Respect for Nyati

Discussion in 'Articles' started by Fritz Rabe, Jun 1, 2012.

  1. Fritz Rabe

    Fritz Rabe AH Veteran

    May 7, 2012
    Likes Received:
    Member of:
    PHASA, South African Bowhunting Association (SABA) Instructor, NSRI
    SA, Botswana, Zimbabwe, Zambia, Namibia, Mozambique, Ethipoia, Cameroon, CAR, Tanzania, Canada, USA, Spain
    Respect for Nyati

    We were after Nyati. Yawan, my client and longtime friend was going to shoot a real big buffalo bull. Jaco, my son of 13 years and helper on many hunts went along to help with the camp, cooking, washing and skinning. There was no space for a (tag along) on my hunts. If you came along, you worked. Jaco was used to this. He had to start at the bottom and work his way up if he wanted to experience the joy of Big-game hunting.

    We were in the Northwest province on a huge game farm that had a big bull available. The hunting proved to be difficult as the buff was wary and we would only walk-and-stalk. The fact that he was a loner also added to our troubles.

    On the morning of the third day we found him grazing in some real thick bush next to a river. The stalk was easy as we had a good wind and the grass was still wet from the dew. 30 meters from the bull and we could not get a clear shot at any of the vitals, the bush was just too thick.

    Jaco was back in camp doing the dishes, cleaning the rooms and preparing lunch. He wanted desperately to be with me on the actual hunt as only a young, full of energy and adventure, boy could be. I on the other hand was under very strict instructions from my wife as to taking young boys on buffalo hunts. If something happened to him I would be in for a very painful and slow death. Little did we know how things would turn out for him.

    We had to get closer. 20 meters from our bull and there was still no hope to get an arrow past all the twigs and sticks. We followed him until we came to a clearing that gave us a chance. 25 meters said the rangefinder and Yawan brought the 90-pound Hoyt Viper to full draw. He touched the release and a 980gr ACC 371 with a 6.3 PC shaft inside tipped by a 210 gr Steelforce broad head flew at 225 fps at the buffalo.

    (S**T! I did not follow through) grunted Yawan as the bull exploded into the bush. The arrow hit him about 6 inches behind the lungs. The arrow went in up to the fletches but I knew that at best it just touched the liver. This was not the hunt I was hoping for.

    8 hours later we took up the speckled blood spoor after we had lunch and planned the follow up. A shot like that was always trouble with any animal. You had to give the arrow lots of time to do it,s job. This indicated that it was a solid gut shot. Jaco came along to drop us off with the truck as I taught him to drive since the age of 8. He had to wait at a cut-line ahead to radio us if he sees anything big, black and angry.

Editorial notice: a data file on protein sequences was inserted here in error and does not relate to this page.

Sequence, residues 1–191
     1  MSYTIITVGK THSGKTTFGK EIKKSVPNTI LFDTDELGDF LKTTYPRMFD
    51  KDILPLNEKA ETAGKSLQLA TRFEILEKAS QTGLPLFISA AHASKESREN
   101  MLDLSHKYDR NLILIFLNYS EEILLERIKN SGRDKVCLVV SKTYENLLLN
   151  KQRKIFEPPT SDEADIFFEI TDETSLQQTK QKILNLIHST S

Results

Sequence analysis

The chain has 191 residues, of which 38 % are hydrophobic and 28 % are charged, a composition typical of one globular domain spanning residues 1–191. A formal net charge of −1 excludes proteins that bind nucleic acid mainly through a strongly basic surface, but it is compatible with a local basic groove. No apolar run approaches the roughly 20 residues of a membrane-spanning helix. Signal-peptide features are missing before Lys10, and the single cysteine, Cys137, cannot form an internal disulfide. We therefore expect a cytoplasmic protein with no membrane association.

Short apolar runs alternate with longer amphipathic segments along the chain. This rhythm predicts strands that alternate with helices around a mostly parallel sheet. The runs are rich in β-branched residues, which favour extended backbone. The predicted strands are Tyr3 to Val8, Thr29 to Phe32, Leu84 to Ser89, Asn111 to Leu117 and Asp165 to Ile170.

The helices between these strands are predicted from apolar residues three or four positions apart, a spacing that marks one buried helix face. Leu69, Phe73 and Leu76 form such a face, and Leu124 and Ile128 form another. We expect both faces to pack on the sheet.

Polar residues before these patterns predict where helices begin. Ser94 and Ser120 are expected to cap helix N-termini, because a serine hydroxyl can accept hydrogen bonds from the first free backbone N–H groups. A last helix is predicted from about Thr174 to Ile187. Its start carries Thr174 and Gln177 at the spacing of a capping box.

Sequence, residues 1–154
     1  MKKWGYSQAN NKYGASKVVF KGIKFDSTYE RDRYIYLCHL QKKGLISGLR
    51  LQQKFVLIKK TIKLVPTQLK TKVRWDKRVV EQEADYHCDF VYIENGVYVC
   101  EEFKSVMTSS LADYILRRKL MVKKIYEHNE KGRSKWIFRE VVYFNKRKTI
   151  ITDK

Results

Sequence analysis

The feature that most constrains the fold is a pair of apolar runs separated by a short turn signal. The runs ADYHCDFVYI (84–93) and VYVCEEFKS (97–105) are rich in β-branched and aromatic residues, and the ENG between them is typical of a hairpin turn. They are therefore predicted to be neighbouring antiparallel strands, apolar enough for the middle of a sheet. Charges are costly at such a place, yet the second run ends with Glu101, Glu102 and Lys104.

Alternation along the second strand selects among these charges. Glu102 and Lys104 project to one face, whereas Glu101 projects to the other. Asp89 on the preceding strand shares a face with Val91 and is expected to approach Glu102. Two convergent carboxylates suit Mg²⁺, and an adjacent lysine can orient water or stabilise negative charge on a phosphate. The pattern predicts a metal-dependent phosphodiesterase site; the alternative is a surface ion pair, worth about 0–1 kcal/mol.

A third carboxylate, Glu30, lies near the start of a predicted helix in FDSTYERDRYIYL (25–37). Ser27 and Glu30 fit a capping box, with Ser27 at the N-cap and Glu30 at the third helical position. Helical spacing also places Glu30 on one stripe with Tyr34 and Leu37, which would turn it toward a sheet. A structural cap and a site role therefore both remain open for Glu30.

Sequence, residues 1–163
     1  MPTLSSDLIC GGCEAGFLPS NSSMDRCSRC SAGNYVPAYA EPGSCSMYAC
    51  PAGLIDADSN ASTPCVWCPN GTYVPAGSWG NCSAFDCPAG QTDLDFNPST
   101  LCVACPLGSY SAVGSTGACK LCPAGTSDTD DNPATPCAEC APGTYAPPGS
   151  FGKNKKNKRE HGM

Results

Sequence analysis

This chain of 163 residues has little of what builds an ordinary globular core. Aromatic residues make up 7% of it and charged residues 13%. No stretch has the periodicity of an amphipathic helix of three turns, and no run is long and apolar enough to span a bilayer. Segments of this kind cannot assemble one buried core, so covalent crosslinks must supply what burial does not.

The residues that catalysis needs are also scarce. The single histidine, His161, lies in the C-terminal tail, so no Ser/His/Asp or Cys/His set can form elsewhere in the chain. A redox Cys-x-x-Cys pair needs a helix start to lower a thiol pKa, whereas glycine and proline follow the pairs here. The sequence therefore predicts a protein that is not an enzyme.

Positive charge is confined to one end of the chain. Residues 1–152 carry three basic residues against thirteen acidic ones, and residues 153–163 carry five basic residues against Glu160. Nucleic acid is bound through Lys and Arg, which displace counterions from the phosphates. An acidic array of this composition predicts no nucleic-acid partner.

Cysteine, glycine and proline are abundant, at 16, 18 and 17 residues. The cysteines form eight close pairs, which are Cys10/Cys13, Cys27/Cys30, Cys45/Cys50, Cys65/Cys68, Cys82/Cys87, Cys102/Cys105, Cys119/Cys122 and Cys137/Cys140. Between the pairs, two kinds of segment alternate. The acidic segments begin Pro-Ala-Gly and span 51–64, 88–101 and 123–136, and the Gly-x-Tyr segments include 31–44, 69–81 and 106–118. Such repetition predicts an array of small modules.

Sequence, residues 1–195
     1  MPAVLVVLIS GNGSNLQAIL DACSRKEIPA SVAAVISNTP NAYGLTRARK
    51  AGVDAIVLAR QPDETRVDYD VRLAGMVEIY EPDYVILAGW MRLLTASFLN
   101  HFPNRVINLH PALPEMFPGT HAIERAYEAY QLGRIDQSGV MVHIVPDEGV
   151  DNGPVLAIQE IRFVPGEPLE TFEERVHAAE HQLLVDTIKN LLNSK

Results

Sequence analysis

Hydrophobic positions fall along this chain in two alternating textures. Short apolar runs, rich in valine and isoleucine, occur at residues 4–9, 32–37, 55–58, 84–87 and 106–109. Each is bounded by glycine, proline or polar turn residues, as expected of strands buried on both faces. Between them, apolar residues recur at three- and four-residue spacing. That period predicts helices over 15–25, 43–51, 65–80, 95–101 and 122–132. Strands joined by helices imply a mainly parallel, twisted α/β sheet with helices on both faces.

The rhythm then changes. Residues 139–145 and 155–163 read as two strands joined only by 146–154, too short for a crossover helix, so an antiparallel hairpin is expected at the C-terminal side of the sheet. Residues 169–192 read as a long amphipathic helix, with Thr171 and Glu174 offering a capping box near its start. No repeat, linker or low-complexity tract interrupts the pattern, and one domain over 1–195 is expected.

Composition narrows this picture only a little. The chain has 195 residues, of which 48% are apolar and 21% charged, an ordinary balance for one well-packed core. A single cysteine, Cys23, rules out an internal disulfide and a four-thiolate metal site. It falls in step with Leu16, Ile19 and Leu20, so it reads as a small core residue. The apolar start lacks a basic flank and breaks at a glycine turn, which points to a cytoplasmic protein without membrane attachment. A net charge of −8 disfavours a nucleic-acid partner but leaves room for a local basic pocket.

We were on the spoor for a short while when Jaco called and said that the buffalo came into the road and is no more than 30 meters from him looking back on its trail. I so wished that I gave him my 375 H&H to take with, then he could put a bullet into the buff from the safety of the truck and put an end to its pain. The priority of the hunt has changed now. My sole purpose was to put it down as it is my responsibility towards the animal and all the laborers working on the reserve. As it was we could only get there as fast as we could.

    Yawan have hunted too much and shot many Buffalo with me. He knew the score and would expect nothing less. He told me to do what I have to do in order to get that Buff down.

    There was no chance for a second arrow as the bull stood inside a thorn bush that covered every inch of him. I had to end his pain with my trusty old 416. I was really grateful that my son stood next to me when I put him down. Yawan blamed himself for fouling up the biggest most beautiful buff we ever hunted. I told him that if you never wound an animal you never learn from the mistakes. He thought about it and replied that maybe we can all learn not to forget the basics when the adrenalin is pumping.


    Jaco later told me that he totally understand why hunters have such respect for a wounded buffalo. He was with the bull for a long time and saw the hatred in its eyes. He also realized how cunning they are when they have to be. (I shall never take them for granted again) he said to me that night at the fire.

    I am so fortunate that my son could be on my shoulder for a lot more hunts to follow. He has done many of the Big 6 bow hunts with me and he now even puts his 2c worth off advice when there is some problem to solve. I hope he has learned from our mistakes.

    Fritz Rabe
    Askari Adventures
    Last edited by a moderator: Dec 1, 2016

Share This Page